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What We Can Expect from E Commerce Web Development in the Years to Come

Elanora Brown Elanora Brown , 8/14/2018
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What We Can Expect from E Commerce Web Development in the Years to Come



In an industry that moves as fast as internet-based commerce, it’s difficult to make any predictions about the future without at least an air of uncertainty. If we consider the situation just a decade ago, when the search engine giants were just beginning to take their hold over the online retail sector with algorithms that moved to favour optimised, user-friendly sites, then it’s easy to see how much things can change in even just a short period of time. Today, predicting the future for online business models is a crucial aspect of internet survivability and most all Ecommerce web development companies will try to identify specifically where it is their clients want to be in 10, 20 and even 50 years, in order to create a viable plan for moving forward. 


That said, there are some general ideas that have been suggested across the board with regards to the future of online commercial systems, and these are generally related to the current dominance of SERPs (search engine results pages) and SEO (search engine optimisation) in the various E commerce web development sectors.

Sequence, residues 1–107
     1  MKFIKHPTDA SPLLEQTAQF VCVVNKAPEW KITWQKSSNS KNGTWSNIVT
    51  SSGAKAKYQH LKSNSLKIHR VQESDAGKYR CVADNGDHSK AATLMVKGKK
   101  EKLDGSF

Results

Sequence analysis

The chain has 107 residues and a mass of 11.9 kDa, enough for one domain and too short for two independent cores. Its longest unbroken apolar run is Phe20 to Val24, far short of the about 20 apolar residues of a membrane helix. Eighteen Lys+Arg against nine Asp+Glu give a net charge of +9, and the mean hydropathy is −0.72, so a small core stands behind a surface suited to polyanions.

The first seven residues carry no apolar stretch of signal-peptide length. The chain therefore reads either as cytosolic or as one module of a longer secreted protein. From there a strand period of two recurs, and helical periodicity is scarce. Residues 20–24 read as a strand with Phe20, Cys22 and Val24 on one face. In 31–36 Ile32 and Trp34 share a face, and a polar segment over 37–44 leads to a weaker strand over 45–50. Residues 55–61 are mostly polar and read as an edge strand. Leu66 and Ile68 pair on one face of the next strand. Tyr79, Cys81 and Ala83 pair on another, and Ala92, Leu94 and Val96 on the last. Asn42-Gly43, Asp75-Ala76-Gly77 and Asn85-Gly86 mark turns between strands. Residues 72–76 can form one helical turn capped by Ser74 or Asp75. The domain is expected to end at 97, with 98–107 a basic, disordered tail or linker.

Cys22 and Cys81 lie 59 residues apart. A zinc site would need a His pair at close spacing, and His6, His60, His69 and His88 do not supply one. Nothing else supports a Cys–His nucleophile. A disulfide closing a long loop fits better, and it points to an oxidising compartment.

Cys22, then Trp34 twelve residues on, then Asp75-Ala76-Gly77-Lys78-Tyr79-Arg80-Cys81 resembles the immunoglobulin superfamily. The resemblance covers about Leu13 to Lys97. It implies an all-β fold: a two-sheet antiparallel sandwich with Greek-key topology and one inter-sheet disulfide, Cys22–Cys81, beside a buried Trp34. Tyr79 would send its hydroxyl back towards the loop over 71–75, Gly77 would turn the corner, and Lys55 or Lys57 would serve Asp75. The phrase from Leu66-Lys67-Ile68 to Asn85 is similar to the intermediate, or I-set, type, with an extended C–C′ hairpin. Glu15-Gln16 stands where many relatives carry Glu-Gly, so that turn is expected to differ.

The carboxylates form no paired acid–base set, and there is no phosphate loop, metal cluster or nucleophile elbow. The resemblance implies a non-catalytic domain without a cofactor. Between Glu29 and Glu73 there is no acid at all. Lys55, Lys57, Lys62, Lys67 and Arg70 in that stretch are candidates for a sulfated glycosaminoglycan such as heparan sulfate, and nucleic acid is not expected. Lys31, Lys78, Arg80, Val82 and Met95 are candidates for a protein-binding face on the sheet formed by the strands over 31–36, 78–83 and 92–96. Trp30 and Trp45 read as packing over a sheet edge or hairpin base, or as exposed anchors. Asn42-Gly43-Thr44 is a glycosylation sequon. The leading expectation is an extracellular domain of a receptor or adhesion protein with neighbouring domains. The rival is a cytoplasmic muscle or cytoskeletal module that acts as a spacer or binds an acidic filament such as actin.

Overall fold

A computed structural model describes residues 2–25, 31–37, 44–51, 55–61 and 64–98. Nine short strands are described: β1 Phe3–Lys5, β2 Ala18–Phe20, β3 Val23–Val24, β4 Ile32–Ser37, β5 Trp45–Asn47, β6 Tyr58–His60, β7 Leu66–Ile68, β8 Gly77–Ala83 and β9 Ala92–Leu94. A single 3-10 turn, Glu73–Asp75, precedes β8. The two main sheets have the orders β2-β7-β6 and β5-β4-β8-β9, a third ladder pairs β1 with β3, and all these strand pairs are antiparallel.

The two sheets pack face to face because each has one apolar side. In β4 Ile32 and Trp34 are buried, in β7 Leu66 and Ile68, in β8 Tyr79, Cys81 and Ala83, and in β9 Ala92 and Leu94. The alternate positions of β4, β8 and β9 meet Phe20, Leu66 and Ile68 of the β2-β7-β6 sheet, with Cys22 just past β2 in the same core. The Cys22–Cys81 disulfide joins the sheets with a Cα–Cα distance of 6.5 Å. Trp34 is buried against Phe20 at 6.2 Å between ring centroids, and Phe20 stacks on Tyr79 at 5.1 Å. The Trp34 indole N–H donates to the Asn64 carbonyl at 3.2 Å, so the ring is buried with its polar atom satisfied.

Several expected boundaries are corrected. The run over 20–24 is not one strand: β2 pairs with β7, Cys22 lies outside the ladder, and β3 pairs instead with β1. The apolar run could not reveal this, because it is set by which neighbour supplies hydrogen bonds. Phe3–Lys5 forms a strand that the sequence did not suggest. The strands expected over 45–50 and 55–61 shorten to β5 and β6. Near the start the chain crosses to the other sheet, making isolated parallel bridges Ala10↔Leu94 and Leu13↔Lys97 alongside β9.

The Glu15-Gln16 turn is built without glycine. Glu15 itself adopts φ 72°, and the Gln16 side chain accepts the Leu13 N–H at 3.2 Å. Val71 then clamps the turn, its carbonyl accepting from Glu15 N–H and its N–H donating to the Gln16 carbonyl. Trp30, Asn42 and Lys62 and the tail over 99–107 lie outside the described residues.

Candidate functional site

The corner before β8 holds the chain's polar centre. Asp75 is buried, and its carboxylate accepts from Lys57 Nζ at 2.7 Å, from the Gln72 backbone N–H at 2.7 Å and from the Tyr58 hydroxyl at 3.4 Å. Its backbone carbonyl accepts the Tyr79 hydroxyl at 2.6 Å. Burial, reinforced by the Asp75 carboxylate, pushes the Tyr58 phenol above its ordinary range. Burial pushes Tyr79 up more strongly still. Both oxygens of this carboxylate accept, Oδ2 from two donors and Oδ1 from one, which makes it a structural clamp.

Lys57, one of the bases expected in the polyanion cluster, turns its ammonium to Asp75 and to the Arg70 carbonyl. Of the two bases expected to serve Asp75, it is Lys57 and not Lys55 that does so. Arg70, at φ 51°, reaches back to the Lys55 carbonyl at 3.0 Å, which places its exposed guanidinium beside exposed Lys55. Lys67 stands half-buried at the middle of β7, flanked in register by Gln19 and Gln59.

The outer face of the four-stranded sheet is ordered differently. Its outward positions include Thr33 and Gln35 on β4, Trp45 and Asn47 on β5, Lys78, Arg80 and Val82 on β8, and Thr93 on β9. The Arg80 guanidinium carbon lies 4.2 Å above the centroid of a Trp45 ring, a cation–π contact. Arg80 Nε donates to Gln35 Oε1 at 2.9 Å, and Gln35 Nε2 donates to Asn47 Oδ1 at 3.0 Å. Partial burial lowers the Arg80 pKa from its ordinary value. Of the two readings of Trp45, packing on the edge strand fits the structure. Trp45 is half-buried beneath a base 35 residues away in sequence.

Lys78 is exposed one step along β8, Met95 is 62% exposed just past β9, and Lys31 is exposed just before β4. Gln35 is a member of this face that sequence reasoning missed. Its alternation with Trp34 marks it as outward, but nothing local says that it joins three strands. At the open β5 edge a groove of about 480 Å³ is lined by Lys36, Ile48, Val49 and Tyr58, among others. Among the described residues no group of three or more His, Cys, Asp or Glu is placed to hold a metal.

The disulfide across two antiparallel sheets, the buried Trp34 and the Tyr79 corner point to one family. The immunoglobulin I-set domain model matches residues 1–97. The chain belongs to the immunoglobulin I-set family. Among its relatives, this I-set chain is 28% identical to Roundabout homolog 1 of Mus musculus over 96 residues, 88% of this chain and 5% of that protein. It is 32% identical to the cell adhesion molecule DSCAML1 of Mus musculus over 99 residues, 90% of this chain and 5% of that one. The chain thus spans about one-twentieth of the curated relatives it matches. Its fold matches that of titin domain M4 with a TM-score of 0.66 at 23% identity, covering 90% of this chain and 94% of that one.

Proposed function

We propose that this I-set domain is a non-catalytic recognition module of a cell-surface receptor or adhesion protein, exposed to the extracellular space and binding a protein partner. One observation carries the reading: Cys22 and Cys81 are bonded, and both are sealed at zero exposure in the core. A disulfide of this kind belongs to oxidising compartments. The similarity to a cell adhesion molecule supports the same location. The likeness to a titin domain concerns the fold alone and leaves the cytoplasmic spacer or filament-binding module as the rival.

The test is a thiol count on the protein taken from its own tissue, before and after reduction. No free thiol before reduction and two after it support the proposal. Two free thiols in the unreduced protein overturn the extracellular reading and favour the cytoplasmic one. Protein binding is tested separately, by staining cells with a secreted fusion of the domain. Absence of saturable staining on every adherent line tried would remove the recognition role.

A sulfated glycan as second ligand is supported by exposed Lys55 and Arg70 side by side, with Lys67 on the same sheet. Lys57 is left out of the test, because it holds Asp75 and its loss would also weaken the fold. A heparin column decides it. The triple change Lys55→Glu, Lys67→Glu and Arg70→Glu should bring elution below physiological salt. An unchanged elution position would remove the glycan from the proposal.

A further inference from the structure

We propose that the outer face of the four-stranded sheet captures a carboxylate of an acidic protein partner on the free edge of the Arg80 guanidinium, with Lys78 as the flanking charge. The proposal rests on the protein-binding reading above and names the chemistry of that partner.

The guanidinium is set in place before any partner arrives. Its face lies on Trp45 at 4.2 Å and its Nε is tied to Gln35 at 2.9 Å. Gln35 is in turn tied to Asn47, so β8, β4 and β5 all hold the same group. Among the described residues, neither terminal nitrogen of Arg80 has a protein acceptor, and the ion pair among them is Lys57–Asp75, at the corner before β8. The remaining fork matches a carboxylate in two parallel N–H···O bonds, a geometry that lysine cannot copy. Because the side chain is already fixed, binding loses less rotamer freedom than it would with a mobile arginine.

For example, some leading industry experts have indicated that individual content management systems like Magento and WordPress (the two systems currently responsible for the bulk of online retail shopping hosting) will move to incorporate systems similar to that of the major search engines like Google and Bing in an attempt to create a more user-orientated shopping experience. This would invariably involve some sort of algorithmic filtering system that’s become the norm of focussed internet marketing techniques since the advent of cookie-based Google affiliation and HTML 5 targeted adverts. 



In addition to a move towards pre-filtered search results and SERP style query returns, others have indicated that E commerce CMSs (content management systems) may make a move towards higher customisability, particularly on the user end. This would mean the availability of more third party plugins and form tools, allowing webmasters to add product customisation options virtually ad infinitum to their pages; not only maximising the shopping experience for the better, but also ensuring internet-wide search queries are better matched to shops with the relevant stock and product lines. 


Amidst these more plausible suggestions for the future of internet commercial systems, there have also been a number of more outlandish and futuristic predictions. For example, some people have said that users could see a move towards a much more personalised user-to-user sales model, where shop assistants are available over webcams or Skype link to give stylistic tips and customer service help on demand, while others have indicated the ability to completely customise brand names and product designs may be on the cards.